Being born too early can have a profound effect on your child's health. In addition to early concerns about lung development and intestinal issues, prematurity may also cause vision problems. Desp ...View Article
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Posted on 03-24-2014
We interrupt our regularly scheduled blog posts to to bring you this BREAKING STORY
I have been working with people of all ages who are dealing with acquired brain injuries and concussions for 25 years. I have seen people with slight concussions and people with severe brain injuries and everything in between. A respected occupational therapist tried to tell me that concussions are totally different than traumatic brain injuries. It just doesn't appear that way to me. And I see no value in thinking there is any significant difference other than one of degree. I doubt that a severe concussion is any less debilitating than any other brain injury, since that is precisely what a concussion is.
One of the most common effects of any brain injury is vision problems. Some people have trouble seeing clearly, some have double vision. Some have all of these. It is not uncommon, after a head injury, to have trouble reading, working at a computer or tolerating light. Many brain injured people have headaches that are related to visual activities. Many have balance issues, dizziness and nausea. All of these problems can be helped with vision therapy and therapeutic lenses. Concussions can result in much the same situation; I know this for a fact.
I recently had my own concussion. I fell backward from a standing position and ended up hitting the back of my head. I immediately got to my feet and took stock of the situation for a minute. I did feel a slight headache and slight queasiness, but decided I was fine. I finished shoveling my driveway and then went to work. After a short while at my office I decided to see my chiropractor because my body was sore in many places. He adjusted my neck, spine and hips, and also did some basic testing that showed I had suffered a mild concussion. For almost two weeks I was very light and sound sensitive. I had to avoid the computer and television. I felt better wearing darkened glasses indoors. It was very difficult for me to read or to write. Even now, three weeks later, I still prefer to avoid reading and listening to music. I have felt a bit foggy at times and this still comes and goes; some days are better than others. I am starting to get a headache typing this.
It is well known that, especially in the period immediately following a head injury, one should minimize or eliminate stimulation to the brain in order to allow it some down-time. This will speed up the healing process. I did the best I could with the exception of going to work as usual. For the first week or so, I got home from work and went straight to bed. This is not my normal routine.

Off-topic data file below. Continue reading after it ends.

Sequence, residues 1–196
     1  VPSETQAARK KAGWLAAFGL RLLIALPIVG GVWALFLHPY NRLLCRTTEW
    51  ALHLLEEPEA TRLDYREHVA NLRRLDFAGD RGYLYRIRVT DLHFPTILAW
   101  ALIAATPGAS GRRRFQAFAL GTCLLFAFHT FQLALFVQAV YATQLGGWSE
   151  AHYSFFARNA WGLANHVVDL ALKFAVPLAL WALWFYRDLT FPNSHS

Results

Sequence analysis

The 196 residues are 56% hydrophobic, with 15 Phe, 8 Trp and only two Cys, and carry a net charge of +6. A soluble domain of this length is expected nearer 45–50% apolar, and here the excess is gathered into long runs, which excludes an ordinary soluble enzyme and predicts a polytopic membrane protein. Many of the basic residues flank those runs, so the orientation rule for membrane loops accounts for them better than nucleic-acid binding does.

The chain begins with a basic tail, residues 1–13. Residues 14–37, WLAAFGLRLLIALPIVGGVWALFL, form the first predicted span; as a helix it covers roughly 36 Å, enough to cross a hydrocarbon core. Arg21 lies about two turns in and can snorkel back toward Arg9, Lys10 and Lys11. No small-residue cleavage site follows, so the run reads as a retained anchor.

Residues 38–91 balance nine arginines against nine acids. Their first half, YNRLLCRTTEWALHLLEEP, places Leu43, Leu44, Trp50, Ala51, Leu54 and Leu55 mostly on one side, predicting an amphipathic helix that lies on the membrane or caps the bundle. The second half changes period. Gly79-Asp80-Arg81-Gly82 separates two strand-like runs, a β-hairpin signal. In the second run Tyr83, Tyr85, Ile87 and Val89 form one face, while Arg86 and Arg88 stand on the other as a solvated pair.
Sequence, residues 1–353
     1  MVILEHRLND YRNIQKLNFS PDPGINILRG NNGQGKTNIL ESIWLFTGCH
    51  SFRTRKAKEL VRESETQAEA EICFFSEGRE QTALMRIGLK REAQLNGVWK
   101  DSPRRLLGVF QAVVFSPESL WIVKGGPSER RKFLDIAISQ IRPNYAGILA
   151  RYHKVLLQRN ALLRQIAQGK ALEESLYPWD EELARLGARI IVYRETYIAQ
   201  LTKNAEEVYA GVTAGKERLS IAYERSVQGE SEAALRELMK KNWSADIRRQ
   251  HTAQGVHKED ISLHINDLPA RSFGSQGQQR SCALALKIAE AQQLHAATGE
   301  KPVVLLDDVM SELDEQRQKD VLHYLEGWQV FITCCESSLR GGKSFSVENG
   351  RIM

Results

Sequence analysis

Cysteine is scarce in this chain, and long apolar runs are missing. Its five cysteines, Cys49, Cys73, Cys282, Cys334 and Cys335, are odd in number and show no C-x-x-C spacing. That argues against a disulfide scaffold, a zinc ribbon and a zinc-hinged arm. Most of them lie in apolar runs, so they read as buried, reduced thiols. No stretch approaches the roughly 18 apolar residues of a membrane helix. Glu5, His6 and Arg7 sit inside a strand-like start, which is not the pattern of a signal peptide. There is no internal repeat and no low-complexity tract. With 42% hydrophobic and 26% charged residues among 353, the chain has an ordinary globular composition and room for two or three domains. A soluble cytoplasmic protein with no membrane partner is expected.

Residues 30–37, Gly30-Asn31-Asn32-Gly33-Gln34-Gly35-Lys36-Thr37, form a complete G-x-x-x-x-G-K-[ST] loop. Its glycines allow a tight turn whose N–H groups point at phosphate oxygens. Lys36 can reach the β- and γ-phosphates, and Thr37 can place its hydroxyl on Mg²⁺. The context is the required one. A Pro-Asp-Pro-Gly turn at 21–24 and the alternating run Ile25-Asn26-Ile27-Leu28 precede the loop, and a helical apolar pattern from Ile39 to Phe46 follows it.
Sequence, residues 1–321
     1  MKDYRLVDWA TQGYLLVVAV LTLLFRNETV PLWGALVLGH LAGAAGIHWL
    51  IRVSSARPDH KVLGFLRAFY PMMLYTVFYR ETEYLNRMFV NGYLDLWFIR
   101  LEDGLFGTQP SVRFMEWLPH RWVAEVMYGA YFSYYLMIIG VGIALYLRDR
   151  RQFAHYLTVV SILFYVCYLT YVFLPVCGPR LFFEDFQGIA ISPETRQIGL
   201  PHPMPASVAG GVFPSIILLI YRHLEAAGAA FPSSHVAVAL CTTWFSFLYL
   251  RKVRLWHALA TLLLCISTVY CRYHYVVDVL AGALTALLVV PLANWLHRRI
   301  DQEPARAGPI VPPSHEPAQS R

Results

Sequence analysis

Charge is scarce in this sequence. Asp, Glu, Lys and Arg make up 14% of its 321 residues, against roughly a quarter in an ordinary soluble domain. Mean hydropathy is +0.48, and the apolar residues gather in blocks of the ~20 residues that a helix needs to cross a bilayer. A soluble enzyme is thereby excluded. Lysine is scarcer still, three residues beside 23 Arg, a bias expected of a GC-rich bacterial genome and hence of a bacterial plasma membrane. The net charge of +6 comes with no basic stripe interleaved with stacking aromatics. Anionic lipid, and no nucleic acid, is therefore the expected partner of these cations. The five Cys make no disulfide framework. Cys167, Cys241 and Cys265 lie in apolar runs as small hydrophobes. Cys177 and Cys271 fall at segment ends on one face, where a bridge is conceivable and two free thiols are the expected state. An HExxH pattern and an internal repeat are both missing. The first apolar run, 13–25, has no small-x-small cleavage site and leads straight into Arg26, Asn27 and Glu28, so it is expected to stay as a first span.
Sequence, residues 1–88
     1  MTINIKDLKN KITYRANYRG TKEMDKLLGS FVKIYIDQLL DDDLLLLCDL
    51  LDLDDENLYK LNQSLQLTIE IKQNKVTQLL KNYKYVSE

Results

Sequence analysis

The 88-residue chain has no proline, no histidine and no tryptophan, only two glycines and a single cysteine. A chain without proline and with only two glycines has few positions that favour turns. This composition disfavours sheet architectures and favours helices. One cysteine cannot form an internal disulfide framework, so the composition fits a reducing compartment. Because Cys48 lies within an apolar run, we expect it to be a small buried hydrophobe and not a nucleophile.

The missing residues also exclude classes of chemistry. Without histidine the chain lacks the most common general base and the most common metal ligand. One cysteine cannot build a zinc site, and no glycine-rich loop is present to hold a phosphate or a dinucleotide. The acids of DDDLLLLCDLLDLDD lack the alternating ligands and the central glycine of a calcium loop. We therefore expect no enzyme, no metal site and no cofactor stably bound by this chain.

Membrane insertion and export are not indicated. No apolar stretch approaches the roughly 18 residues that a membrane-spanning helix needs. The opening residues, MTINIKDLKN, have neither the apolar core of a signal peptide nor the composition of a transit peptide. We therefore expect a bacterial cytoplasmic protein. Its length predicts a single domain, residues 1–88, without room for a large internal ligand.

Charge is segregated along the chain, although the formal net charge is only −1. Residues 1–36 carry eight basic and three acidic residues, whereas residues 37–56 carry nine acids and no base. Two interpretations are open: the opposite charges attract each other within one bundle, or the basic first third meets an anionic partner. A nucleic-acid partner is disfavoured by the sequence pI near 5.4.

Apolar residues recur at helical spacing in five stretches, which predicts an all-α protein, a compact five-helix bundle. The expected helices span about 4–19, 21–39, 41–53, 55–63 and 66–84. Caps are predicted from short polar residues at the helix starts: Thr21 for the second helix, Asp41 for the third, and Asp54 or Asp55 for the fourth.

I have watched countless patients get bullied by employers, insurance companies, doctors (mostly neurologists) working for insurance companies and lawyers working for insurance companies after sustaining significant brain injuries. They are almost all accused of faking. It is very hard to trick an experienced behavioral optometrist into thinking you have vision problems that you don't actually have. I recently was asked to respond to a report by a neurologist who had recently examined one of my patients. He said that the crack in the windshield, which was impacted from inside the vehicle, directly in front of the driver's seat could have been caused by something other than the driver's head. Really? He also said that since she had no cut on her head or fracture to her skull that she couldn't have sustained a head injury. This is beyond absurd.
Many of my patients report that independent examiners determined that they should be completely better after a certain period of time. There is no schedule for recovering from a brain injury. There's a saying among those in the rehab community: If you've met one person with a brain injury, you've met one person with a brain injury. There are many possible repercussions from a blow to the head and each person is different to begin with. There is no benefit to treating all brain injuries alike. Sure there are always people ready to game the system, but I haven't seen one yet. Every brain injured individual I have worked with is just trying to get back as much of their life as possible…as quickly as possible.
Please be vigilant if you or someone you care for has sustained even a slight head injury. Assume that they are honestly describing how they feel and what they can and cannot do following the injury. Symptoms can come and go for much longer than you might think. I can now personally attest to that. My deficits are not as completely gone as I would like to think. Time for some vision therapy.
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